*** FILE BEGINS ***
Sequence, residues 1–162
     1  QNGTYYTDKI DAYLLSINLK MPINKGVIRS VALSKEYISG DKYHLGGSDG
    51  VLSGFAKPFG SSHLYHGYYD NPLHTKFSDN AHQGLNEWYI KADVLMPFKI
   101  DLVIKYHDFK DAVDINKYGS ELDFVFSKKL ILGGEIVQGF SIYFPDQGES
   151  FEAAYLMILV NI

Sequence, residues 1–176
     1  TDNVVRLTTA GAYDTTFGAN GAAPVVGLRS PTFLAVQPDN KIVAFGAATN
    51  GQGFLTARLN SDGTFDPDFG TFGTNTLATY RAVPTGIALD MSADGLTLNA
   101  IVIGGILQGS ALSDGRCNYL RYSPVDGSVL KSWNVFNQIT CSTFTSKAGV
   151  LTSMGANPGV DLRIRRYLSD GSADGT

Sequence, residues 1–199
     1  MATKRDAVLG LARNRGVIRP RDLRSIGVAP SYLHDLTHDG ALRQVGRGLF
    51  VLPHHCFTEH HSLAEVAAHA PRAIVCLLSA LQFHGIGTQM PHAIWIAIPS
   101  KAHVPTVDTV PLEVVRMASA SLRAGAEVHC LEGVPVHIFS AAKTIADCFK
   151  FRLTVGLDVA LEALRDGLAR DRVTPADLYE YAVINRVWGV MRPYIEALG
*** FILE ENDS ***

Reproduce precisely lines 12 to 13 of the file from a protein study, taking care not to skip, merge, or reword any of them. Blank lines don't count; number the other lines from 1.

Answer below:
     1  MATKRDAVLG LARNRGVIRP RDLRSIGVAP SYLHDLTHDG ALRQVGRGLF
    51  VLPHHCFTEH HSLAEVAAHA PRAIVCLLSA LQFHGIGTQM PHAIWIAIPS